If your company or Department has a Vision, how good do you think it is? If it doesn’t have a Vision, would you benefit from having one? In my next post I will give suggestions as to how to create a FedEx quality Vision.

Paul

Leading through change

Monday, February 28th, 2011

Handling change effectively can be really satisfying. We are generally not the instigators of change, almost always the recipients of some change or other and are sometimes required to implement it.  This makes it important – but it isn’t always managed as if it’s important. It needs the human touch.

If we reflect on some of those times when we have been recipients, we may well be able to come up with examples of how the change was managed well. We can almost certainly come up with examples of occasions when it was not dealt with as well as it could have been.

Because of the emotions that experiencing change can generate, it is an area of management where the manager can have a particularly positive or negative impact. And whilst the manager may also be affected by the change process, he or she will do well to invest some time into managing it well – if they want as motivated and effective staff as possible post-change. It is a short-term investment of time that reaps long-term gains.

In my previous blog post, I described four 4 types of people we encounter during change – The Entrenched, The Overwhelmed, The Whirling Dervish and The Learner. And where they sit depends largely on their ability and willingness to deal with change.

Having previously described their probably reactions, I said that in this post I would give you some hints on how to manage the different individuals. This will help you to assist them as effectively as possible – or understand how you need to be managed in order to deal with the change as well as possible.

The Entrenched – You need to attend to The Entrenched person’s emotions or stress. A phased introduction of the changes will help them, as will clearly linking them to their past successes.  Don’t expect too much too soon from them, or you may have another Overwhelmed person. Find safe places and situations for them to test their learning, and use Learners as role models.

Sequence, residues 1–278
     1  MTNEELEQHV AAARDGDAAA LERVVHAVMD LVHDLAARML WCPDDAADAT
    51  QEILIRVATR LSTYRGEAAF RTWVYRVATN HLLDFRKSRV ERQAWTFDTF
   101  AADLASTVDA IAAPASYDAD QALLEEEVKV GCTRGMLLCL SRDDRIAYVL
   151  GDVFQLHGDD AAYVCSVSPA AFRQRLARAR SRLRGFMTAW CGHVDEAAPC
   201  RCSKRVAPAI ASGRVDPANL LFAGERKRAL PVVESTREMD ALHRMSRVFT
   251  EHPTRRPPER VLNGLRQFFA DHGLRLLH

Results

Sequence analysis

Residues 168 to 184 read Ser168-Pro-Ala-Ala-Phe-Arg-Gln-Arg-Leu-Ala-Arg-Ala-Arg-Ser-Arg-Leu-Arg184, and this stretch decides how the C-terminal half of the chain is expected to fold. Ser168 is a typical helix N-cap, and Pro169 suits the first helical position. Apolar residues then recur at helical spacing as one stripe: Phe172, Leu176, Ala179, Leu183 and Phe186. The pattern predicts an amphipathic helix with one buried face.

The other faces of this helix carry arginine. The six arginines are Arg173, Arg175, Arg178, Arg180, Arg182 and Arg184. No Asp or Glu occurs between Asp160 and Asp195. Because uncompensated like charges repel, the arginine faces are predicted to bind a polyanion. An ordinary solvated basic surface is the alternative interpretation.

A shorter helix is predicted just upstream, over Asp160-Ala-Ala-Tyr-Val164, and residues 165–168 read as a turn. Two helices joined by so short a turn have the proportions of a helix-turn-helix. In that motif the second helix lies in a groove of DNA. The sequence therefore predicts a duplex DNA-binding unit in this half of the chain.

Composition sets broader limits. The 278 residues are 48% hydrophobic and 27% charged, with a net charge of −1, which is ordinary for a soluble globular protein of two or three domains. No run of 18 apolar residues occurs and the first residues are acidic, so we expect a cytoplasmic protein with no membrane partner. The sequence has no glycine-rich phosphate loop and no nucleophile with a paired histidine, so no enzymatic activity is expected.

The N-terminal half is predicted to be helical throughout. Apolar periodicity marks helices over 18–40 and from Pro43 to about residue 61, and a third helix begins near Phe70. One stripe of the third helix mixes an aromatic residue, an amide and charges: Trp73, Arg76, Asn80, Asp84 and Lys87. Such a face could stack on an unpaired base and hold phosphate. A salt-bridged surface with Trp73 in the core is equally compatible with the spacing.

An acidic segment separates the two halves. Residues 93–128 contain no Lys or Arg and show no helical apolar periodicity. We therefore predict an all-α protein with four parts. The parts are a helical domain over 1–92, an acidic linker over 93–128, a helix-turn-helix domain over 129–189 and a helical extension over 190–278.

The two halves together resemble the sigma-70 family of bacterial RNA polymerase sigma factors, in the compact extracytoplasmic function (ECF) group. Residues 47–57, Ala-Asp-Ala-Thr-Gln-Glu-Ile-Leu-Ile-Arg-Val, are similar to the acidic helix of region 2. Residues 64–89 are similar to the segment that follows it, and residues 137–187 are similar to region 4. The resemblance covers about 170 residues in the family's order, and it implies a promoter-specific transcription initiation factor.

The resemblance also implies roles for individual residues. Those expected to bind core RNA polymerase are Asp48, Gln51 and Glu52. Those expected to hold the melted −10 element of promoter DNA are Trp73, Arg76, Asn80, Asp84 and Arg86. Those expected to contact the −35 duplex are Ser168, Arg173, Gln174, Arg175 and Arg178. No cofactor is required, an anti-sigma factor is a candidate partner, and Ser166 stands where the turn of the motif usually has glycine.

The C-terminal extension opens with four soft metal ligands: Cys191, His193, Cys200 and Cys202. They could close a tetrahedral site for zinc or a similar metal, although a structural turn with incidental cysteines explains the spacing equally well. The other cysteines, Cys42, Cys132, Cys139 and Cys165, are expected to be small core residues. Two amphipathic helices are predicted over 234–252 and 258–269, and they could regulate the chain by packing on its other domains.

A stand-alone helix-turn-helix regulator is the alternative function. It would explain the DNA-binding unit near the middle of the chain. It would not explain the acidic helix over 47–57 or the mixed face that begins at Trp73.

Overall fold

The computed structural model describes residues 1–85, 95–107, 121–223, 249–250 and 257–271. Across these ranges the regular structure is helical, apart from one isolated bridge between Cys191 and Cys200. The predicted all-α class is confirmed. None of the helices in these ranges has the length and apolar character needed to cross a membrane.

The Overwhelmed – The Overwhelmed person needs to be shown understanding in dealing with their stress and fear.  They need lots of support and encouragement for the future, and they require protecting from rapid empowerment or responsibility. Ensure that they can achieve some quick or easy wins. Finally, use effective colleagues to promote their confidence – you cannot do it all yourself!

The Whirling Dervish – Whatever you do, don’t empower The Whirling Dervish or let them loose with a wide remit! You need to limit their influence over others, hold them accountable for anything you ask them to implement and give them plenty of feedback. Ask them to address core issues and solutions, not symptoms and quick fixes. Help them recognise and address the true extent of their abilities.

The Learner – You need to help fill any gaps in The Learner’s personal knowledge. Focus them on processes rather than the task. Give them the freedom to model learning for others, and consider offering them new and demanding roles with high impact opportunities.  Learners can sometimes take on too much and become all things to all people – support them and ensure that this doesn’t happen as you don’t want to lose your Learners.

If you have been able to identify your own ‘preferred’ position, do some of these tips on how you should be managed make sense? Or as a manager, can you see how they would work with your staff?

Remember, attitudes are caught, not taught. If you as a leader or manager are negative about change, your staff are likely to follow the example you set. And effectively managing the human dimensions of change can have a really significant impact on the performance of a team or business.

Paul

The Human Dimensions of Change

Wednesday, February 23rd, 2011